info@rcmsar2.comPO Box 37146 North Vancouver, BC V7N 4M4

Richard Novek – SAR2 Coxswain

RCMSAR2 Member Profile #2

R. Novek 3a


Director of Operations for the largest Canadian based Language School in the world, The ILSC Education Group. We’re based in Vancouver and I’ve traveled extensively opening schools outside of Canada.

How long have you been a member of RCMSAR?

I started with RCMSAR in July of 2002 when it was still known as the Coast Guard Auxiliary. In those days, paperwork wasn’t done very quickly so I didn’t get my RCM member number until February of the following year. I saw a display put up by one of the Vancouver Island Units at a summer fair and inquired as to the requirements. It turns out I had them all and was living close by the CCGA Unit at Deep Cove. I joined the following week, and after two years of hard training, RHIOT school, and many on-water taskings and activities I was made a Coxswain. I also served as Training officer and Deputy Unit leader for a number of years.

On-the water interests and/or marine background?

I learned to sail when I was 9 years old and have been a boater ever since. I owned a racing sailboat for 15 years and raced extensively. I’ve owned both power and sail boats, and enjoy chartering here in BC and abroad. I’ve also done a fair bit of wilderness kayaking in BC waters.


R. Novek 1a                       R. Novek 2a

Motivation for joining RCMSAR?

Before I was in the Education field, I was working in the Hospitality and Restaurant business and never had time to do any volunteer work. In my current position, I work a fairly normal schedule and thought it was high time I gave back something to my community. Joining RCMSAR was a way to combine my love of and knowledge of boating with my desire to help those in need of assistance. I’ve also done a lot of volunteer work as a volunteer paramedic and this fit in well with RCMSAR responsibilities.

Most memorable moments as a crew member?

I’ve always enjoyed working the fireworks festivals and over the years have probably worked more fireworks evenings than anyone else in the Station. There was a time when Coxswains were scarce and so I was the only one who was able to work all the fireworks evenings. The most memorable tasking was just after the fireworks one year as we were on our way back to base at Deep Cove. Eastbound past Berry point we noticed a large log boom being towed by a tug with a safety tug at the rear. Five minutes later I heard the rear tug captain come on the radio to say that a small boat had tried to pass between the two tugs and hit the log boom. Because we were only 10 minutes away, we called in, took the tasking and found a runabout with 5 young people on board that had literally impaled themselves on a log poking out of the log boom. We got the people off the boat, dealt with a head injury, and brought them back to Cates Park where the RCMP were waiting, as they were suspected of being impaired.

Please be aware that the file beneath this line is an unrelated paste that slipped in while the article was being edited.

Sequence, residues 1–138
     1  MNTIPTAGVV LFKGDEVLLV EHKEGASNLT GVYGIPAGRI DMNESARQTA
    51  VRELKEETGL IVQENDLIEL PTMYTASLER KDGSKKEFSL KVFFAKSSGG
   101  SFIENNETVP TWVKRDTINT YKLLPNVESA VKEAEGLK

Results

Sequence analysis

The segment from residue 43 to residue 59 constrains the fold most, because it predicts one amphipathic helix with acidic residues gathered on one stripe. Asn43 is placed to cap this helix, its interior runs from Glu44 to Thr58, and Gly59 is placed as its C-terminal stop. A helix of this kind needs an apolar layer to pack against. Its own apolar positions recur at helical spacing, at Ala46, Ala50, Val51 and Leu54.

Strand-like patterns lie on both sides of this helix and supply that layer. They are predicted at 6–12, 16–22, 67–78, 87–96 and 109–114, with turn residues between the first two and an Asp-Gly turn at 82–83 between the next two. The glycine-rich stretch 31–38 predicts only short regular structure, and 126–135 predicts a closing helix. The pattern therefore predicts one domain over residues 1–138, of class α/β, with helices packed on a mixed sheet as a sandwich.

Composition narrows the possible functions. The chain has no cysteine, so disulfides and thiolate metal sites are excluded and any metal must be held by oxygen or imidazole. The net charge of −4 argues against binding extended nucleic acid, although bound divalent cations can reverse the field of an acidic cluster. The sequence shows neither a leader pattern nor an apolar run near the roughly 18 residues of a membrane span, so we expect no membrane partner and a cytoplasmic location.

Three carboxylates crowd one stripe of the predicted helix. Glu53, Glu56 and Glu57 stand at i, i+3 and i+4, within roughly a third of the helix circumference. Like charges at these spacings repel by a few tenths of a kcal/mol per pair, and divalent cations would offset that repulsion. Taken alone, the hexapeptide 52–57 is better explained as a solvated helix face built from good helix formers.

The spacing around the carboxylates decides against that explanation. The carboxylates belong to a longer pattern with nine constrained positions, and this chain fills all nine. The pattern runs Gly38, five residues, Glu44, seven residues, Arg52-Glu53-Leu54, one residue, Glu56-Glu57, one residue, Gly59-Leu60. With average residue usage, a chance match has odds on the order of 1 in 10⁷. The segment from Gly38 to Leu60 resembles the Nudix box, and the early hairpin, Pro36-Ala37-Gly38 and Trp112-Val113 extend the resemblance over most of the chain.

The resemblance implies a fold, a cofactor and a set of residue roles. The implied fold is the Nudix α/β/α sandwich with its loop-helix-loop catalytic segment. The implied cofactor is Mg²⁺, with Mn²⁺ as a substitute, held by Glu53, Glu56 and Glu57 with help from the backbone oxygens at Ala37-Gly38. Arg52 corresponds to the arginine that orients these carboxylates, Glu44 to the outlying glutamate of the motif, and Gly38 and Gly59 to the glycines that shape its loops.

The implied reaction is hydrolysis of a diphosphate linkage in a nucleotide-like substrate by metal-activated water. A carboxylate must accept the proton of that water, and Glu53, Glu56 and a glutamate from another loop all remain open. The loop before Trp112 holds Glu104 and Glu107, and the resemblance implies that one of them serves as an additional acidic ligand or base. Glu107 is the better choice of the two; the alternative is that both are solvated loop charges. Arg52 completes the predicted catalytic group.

Most rewarding part of the job as a volunteer?

Knowing that you’re always prepared to help someone in distress, which is something I now always carry with me when I’m pleasure boating or even going for a drive. Seeing the look on a boaters face as we ride up in the rescue boat and hearing the gratitude after they’ve been pulled off the hard, towed to a safe harbour or lifted out of the freezing water. There’s little that can compare with the feeling of satisfaction of such a job well done, and that the hundreds of hours you’ve spent training for it, have helped another individual or family beyond words.

By Maggie Rayner

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